NASA, Boeing Are Working Together to Make Planes More Efficient


Boeing Transonic Truss-Braced Wing Concept

Image: Boeing

Passenger airliners aren’t the most efficient vehicles in the world. While it’s true that between 1978 and 2021 the aviation industry managed to increase its efficiency by over 130 percent, more could always be done. That’s what brought NASA and Boeing together, as CNN reports the two are working on technologies that could make air travel way more efficient than it is today.

NASA administrator Bill Nelson issued a statement outlining the objectives of the partnership:

It’s our goal that NASA’s partnership with Boeing to produce and test a full-scale demonstrator will help lead to future commercial airliners that are more fuel efficient, with benefits to the environment, the commercial aviation industry, and to passengers worldwide. If we are successful, we may see these technologies in planes that the public takes to the skies in the 2030s.

So, the fruits of the labor of these two won’t be a new aircraft per se, but they’ll develop a more efficient design for aircraft going forward. Called the Sustainable Flight Demonstrator, the key to all of this is creating less drag on the aircraft.

NASA went with Boeing because of its development of the Transonic Truss-Braced Wing aircraft, which was officially unveiled back in 2019. The design increases the aspect ratio of the wing and is built using lightweight materials. Because of this, the wings are thinner as well. The aircraft has a wingspan of over 170 feet and are supported by a truss along with a slightly modified wing sweep. Boeing says this increases efficiency while providing the same performance as aircraft from today.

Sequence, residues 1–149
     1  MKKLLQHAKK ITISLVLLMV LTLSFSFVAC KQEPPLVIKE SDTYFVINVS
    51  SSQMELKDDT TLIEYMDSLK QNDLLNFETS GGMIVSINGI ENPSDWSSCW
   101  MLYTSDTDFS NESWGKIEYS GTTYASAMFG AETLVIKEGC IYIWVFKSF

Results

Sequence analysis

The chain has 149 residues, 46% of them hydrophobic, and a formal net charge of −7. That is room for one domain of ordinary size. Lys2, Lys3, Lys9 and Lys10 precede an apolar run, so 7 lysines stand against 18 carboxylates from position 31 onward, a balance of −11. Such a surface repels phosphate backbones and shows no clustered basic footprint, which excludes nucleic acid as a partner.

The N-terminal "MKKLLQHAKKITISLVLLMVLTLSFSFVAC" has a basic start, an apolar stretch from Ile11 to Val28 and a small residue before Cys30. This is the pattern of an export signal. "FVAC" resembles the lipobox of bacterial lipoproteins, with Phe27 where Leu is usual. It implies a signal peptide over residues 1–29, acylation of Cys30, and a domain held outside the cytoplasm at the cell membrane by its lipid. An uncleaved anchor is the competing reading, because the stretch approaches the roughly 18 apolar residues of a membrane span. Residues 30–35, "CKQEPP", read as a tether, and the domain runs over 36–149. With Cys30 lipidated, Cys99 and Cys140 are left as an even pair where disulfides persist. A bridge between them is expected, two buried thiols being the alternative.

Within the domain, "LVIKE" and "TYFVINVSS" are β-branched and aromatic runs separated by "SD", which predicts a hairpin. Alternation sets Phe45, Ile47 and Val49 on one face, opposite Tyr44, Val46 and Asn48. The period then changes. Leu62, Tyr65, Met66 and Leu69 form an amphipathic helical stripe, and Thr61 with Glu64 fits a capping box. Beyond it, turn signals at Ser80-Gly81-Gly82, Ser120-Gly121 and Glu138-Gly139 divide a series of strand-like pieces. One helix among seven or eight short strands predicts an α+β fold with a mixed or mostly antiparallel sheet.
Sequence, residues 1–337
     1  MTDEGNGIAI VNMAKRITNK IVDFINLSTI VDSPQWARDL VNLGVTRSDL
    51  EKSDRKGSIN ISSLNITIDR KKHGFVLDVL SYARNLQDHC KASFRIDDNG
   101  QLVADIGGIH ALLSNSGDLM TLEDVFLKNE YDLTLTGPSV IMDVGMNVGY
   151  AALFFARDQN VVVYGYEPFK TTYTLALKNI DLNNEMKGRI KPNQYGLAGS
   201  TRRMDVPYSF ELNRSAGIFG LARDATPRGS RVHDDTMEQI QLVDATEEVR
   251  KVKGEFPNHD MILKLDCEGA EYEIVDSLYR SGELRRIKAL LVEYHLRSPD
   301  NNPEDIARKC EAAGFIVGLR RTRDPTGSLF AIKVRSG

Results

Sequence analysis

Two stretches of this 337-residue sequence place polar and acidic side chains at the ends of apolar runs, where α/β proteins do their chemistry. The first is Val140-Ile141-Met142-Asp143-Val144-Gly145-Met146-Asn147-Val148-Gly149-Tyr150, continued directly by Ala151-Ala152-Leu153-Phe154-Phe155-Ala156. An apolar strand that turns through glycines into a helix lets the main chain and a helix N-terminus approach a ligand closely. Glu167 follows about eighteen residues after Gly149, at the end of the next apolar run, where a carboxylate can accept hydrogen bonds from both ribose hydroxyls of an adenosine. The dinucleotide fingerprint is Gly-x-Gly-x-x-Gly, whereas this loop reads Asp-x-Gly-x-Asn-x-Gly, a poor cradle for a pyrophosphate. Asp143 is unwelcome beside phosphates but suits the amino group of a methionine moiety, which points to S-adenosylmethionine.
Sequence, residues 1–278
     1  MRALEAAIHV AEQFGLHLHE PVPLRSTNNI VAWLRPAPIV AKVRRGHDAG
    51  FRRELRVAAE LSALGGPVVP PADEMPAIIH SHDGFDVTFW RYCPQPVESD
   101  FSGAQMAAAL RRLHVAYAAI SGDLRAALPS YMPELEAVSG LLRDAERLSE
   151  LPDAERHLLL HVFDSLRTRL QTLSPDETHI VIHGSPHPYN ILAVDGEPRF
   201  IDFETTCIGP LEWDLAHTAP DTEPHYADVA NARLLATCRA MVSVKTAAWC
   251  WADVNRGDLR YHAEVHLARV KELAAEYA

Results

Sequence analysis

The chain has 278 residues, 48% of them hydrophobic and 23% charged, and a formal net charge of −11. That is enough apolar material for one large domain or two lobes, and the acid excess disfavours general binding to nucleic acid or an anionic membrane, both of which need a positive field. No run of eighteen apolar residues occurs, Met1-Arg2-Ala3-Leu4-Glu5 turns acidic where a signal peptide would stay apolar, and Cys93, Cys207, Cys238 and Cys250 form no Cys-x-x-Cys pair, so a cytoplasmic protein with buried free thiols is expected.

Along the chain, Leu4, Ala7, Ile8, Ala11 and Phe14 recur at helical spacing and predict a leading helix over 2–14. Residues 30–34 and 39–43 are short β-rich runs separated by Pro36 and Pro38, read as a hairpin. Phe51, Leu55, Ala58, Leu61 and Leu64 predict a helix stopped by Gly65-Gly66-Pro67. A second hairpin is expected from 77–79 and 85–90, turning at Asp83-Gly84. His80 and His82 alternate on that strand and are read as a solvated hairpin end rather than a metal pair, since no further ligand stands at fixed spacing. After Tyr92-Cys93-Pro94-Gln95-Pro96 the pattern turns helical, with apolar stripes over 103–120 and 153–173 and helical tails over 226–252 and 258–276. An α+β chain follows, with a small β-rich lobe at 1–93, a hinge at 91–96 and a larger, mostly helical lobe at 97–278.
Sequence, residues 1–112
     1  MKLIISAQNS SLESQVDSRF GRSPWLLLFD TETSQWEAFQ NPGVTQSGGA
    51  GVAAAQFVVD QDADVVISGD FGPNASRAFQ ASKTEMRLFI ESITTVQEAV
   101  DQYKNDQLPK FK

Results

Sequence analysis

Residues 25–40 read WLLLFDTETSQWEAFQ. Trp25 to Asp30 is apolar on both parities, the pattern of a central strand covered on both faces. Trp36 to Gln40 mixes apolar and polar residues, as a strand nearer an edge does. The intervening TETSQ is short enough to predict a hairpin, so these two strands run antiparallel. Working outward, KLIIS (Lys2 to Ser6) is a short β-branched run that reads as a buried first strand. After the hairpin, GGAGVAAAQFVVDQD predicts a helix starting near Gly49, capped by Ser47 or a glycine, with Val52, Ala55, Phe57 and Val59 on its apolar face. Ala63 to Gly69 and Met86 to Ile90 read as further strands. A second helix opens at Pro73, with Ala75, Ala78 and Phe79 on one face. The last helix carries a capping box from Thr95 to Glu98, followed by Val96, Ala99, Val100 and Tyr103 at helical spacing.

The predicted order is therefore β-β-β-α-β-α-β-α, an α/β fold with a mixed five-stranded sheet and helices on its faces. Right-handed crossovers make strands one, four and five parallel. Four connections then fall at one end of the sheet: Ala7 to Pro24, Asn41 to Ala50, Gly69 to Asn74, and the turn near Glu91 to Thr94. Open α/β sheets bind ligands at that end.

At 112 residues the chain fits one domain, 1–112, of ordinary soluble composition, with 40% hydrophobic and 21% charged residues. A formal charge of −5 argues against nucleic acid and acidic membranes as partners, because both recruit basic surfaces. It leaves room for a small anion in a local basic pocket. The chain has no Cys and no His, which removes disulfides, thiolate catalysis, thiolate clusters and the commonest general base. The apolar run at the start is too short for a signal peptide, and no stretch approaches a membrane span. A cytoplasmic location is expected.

While Boeing has deep enough pockets to do something like this on its own, it’ll get access to deep government pockets — and aerospace research — because of the partnership. The whole thing will be funded by the Space Act Agreement, which allows NASA to work with any outside entity that “fulfills the Administration’s mandate.” This means NASA contributes $425 million as well as its vast resources of facilities and engineers over seven years. Meanwhile, Boeing is offering $725 million and access to the specs of the vehicle.

Eventually, the partnership hopes to have 50 percent of the commercial airline industry using efficient technologies developed from the plan.

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